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Knowing your rights at work

Sudbury workers' centre hosts rights workshops for low-wage workers

by Scott Neigh

Nicole Beaulieu, executive director of the Sudbury Workers Education and Advocacy Centre, in the SWEAC office at 109 Elm Street, Suite 209. (Photo by Scott Neigh).
Nicole Beaulieu, executive director of the Sudbury Workers Education and Advocacy Centre, in the SWEAC office at 109 Elm Street, Suite 209. (Photo by Scott Neigh).

Most of us have heard people we know talk about lousy things that happen to them at work. Nicole Beaulieu certainly has – in fact, she hears that sort of thing all the time. However, unlike most of the rest of us, she is in a position to actually help.

Beaulieu is the executive director of the Sudbury Workers Education and Advocacy Centre (SWEAC), "a non-profit organization that offers free services to help workers." They are happy to answer questions from people who call or visit their office about the rules governing work and workplaces in Ontario, and they are willing to actively "advocate with [individual] workers, by providing support when they are facing an issue at work." But the single biggest thing they do is education. This month, SWEAC will be offering their introductory workshop eight times, with the goal of helping people throughout Greater Sudbury build knowledge, skills, and confidence for exercising their rights in the workplace.

These one-hour workshops will be offered in public libraries across the city – not only in Sudbury proper but in the surrounding communities, including Chelmsford, Lively, Garson, Dowling, and Coniston. Two of the eight will be offered in French. They will cover topics like pay, hours, holidays, termination, severance pay, and much more.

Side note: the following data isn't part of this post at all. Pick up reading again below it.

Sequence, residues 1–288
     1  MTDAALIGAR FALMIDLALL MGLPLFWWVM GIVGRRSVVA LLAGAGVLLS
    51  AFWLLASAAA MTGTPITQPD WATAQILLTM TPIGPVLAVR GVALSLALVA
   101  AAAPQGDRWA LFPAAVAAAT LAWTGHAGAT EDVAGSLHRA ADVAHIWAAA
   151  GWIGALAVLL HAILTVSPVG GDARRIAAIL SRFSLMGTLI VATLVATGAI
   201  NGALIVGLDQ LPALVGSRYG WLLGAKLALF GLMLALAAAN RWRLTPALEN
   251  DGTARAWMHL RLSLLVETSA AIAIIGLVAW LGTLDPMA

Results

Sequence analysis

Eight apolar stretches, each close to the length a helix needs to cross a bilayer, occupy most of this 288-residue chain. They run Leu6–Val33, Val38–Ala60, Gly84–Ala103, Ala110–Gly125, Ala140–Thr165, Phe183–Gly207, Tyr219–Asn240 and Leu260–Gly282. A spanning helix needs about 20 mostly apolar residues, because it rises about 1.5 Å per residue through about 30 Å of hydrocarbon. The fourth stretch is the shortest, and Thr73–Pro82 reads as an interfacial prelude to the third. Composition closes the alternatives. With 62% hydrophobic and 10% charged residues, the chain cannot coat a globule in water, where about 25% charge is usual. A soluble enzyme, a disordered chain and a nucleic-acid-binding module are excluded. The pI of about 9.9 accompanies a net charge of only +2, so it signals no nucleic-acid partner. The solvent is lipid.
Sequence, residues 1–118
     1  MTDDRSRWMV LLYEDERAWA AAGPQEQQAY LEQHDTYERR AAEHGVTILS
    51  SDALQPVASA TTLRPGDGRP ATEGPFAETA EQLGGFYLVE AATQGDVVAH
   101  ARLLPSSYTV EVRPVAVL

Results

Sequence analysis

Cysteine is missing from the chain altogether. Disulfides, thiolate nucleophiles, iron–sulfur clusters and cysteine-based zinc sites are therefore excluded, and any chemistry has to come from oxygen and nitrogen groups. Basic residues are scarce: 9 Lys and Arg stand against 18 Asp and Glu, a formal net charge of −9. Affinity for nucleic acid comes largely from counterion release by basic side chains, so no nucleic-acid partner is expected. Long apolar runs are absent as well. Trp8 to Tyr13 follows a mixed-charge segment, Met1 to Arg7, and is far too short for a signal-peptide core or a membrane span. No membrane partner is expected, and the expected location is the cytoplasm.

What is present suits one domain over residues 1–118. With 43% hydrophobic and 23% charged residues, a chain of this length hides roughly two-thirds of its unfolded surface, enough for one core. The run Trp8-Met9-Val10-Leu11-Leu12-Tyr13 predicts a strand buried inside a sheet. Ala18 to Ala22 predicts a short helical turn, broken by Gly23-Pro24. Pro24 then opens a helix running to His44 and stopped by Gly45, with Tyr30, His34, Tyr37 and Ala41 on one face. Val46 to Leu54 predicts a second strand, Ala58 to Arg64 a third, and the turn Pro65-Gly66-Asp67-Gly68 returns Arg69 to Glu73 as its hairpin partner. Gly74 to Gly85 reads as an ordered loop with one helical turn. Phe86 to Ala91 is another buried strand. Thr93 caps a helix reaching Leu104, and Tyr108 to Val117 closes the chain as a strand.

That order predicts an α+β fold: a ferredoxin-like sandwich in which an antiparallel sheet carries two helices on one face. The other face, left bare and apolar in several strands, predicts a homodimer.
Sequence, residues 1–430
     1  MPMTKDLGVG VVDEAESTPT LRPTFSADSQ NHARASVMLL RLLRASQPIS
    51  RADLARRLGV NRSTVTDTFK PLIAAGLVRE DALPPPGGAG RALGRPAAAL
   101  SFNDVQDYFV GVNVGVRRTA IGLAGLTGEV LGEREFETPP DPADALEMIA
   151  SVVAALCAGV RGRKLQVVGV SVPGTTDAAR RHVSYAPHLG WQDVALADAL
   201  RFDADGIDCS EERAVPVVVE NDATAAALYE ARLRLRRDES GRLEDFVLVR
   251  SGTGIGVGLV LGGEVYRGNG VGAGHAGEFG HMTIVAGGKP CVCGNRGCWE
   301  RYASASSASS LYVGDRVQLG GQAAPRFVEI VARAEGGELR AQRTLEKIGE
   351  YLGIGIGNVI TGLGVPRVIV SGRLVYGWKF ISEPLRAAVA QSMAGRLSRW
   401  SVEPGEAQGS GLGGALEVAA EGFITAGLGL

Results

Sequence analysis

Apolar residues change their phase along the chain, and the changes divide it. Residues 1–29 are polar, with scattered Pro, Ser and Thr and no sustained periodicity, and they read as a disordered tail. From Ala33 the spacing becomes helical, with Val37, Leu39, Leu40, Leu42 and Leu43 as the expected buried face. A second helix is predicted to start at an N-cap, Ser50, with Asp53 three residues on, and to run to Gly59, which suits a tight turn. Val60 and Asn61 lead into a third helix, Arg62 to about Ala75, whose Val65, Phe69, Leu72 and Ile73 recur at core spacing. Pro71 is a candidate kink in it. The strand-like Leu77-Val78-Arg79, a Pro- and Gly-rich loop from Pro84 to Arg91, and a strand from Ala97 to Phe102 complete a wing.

While people who work in all kinds of jobs are welcome to participate, Beaulieu said that SWEAC's "mission is to help mainly low-income workers and those in precarious jobs – meaning unstable employment. So they could be in a part-time job, a contract job, working through a foreign worker program or through a temp agency – basically everything that isn't full-time and secure."

There has not yet been much research published about the kind and extent of low-wage and precarious work specifically in Sudbury, but Beaulieu knows from her experiences with workers that there is plenty. Not only that, given how the North American economy continues to change, "it is becoming more and more of an issue because we are seeing more precarious work everywhere, including Sudbury." The three most common issues that she hears from people who seek information or support from SWEAC are employers not paying wages that are due (commonly called 'wage theft'), employers wrongfully dismissing workers or firing them in ways that don't follow proper procedures, and "harassment – bullying, even violence, in the workplace."

Beaulieu hastened to add, "We're not saying all employers are bad." However, these things do happen, and to more than just a few people, and SWEAC believes that the first step to dealing with them is for workers to know exactly what their rights are in a given situation.

Caceila Trahan is a youth outreach worker with the SPOT Program, a new teen drop-in centre supported by Better Beginnings Better Futures. Trahan said, "It's important that our teens understand their workplace rights so they aren't taken advantage of" as they become active in the labour market. For instance, she said, "Many of our youth didn't know that in the workplace they have a right to refuse unsafe work."

To help address that, they recently had Beaulieu come and do a workshop, and the youth responded very well. Workshops at SPOT are organized such that no one in the space is forced to participate, so it is not unusual to have only a fraction of the youth who are present involved. Trahan said that with SWEAC's workshop, however, almost all were actively engaged. She said that while there was plenty of solid information, it was "not a classroom environment" but something much more "approachable" – more like an "open conversation about the workplace" that happened in "a practical way where the facts will actually stick."